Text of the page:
DiaComp Funded Abstracts
Program Application Abstract
A “Thrifty” MicroRNA: an Evolutionary Explanation for a Non-Coding RNA Implicated in Metabolic Disorders
(Massachusetts General Hospital)
Summer Student Program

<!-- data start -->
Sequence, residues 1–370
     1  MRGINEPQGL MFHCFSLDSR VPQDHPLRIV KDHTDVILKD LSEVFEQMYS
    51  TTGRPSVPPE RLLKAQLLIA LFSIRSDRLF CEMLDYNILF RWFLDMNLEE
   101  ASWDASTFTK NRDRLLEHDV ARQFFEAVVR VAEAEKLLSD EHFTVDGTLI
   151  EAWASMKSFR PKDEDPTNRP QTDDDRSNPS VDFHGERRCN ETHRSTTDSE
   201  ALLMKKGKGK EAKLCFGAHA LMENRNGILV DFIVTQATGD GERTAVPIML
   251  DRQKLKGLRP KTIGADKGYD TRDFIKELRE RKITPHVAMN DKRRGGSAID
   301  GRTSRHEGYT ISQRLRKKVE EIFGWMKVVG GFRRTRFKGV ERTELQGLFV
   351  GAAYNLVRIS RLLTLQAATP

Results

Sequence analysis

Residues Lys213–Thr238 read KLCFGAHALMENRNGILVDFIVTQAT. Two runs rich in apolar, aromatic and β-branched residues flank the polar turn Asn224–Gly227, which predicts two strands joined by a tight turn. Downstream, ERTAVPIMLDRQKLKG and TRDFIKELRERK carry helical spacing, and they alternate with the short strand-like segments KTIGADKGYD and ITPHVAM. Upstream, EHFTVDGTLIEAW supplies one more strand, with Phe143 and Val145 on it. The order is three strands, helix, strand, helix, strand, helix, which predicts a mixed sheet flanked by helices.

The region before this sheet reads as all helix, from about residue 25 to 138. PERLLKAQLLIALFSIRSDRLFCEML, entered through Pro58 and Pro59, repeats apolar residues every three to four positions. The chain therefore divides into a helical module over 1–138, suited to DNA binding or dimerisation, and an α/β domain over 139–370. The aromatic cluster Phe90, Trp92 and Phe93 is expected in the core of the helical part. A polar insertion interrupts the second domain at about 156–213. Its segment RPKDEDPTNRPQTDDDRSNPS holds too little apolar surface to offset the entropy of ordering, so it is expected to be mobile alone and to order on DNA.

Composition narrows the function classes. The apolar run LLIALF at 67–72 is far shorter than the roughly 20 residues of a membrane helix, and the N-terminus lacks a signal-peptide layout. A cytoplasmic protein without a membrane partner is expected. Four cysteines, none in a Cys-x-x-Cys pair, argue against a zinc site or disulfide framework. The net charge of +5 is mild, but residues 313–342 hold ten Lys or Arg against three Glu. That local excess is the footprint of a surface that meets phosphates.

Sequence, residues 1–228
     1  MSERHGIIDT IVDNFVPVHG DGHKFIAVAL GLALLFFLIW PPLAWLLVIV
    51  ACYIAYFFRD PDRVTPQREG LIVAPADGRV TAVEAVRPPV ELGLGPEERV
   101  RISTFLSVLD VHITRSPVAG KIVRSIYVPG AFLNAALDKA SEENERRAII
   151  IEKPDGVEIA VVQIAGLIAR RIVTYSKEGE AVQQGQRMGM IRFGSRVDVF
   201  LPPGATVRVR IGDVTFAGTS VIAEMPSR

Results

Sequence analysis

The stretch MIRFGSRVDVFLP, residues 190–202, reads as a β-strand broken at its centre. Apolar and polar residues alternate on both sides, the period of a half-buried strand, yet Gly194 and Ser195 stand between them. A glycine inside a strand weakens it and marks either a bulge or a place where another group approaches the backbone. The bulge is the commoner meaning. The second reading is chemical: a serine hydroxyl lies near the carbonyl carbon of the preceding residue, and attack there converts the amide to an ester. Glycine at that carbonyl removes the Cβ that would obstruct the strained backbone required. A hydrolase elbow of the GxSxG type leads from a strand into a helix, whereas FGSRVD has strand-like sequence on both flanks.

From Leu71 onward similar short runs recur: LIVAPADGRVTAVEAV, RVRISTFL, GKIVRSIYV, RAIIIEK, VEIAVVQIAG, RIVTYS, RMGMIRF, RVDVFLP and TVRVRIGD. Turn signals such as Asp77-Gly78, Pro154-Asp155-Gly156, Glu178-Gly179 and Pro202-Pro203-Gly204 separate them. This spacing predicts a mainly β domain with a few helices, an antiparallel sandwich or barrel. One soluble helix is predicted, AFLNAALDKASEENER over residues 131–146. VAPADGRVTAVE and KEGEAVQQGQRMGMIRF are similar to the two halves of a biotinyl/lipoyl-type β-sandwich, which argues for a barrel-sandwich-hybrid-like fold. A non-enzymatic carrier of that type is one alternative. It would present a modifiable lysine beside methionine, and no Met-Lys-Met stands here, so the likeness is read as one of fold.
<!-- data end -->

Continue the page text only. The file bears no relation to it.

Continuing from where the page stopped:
Around 40,000 years ago Homo sapiens began to migrate into the European continent in large numbers for the first time. They were faced with an unpredictable, and sometimes harsh environment as well as the great irregularity of food availability that came with living in the temperate climate as hunters/gatherers. With the advent of agriculture 5-10,000 years ago, greatly increased food availability led to a substantial population expansion, however cycles of feast and famine placed great evolutionary selective pressures upon traits advantageous to the acquisition and storage of energy. In addition, migration to higher latitudes necessitated increased fat storage to survive the long, cold winters. This evolutionary environment provides the basis for the genetic selection for traits promoting energy storage during times of high food availability to survive famine. However, in the the current developed world with constant food availability, this “thrifty” trait has become a liability, resulting in a dramatic rise in metabolic disorders such as obesity, type 2 diabetes, non-alcoholic fatty liver diseases, and cardiovascular disease. While most studies to date have focused on genes in the etiology of metabolic diseases, we have recently identified a microRNA as a master regulator of metabolic homeostasis. MicroRNAs are short (20-24 nucleotides) regulatory non-coding RNAs that control mRNA translation and expression. A number of microRNAs have been shown to represent crucial modulators of mammalian physiology, development, and disease. Our studies uncovered a “thrifty” microRNA located in a genomic locus that has been shown to be under strong positive selection in recent human evolution, and that is genetically linked to obesity, type 2 diabetes, and cholesterol/lipid abnormalities in European populations. Importantly, antisense ablation and genetic KO of this ‘’thrifty” microRNA in mouse high fat diet-induced obesity models result in profound beneficial effects on whole animal metabolism, such as a strong decrease in body weight and fat mass, improved glucose homeostasis, decreased hepatic steatosis, adipose hypertrophy, and inflammation, and lowered total cholesterol and triglycerides. Our studies reveal that the “thrifty” microRNA acts at least in part by switching whole body energy metabolism from a state of energy expenditure to a state of energy storage. We also demonstrate here a link between the microRNA expression and common genetic variants (single nucleotide polymorphisms;; SNPs) associated with positive selection and metabolic disorders through quantification of the microRNA in human adipose tissue samples. These links suggest that the microRNA performs a similar role in humans to that found in our mouse models. Taken together, our data suggest that the microRNA indeed plays a crucial "thrifty” role by negatively regulating expression of energy expenditure genes. We posit that evolutionary pressures have selected for elevated microRNA expression in Northern European populations to better conserve energy under the selective pressures of a “feast or famine” environment and that in the absence of such pressures in modern society, expression may contribute to the onset of the metabolic diseases that have become so pervasive today.
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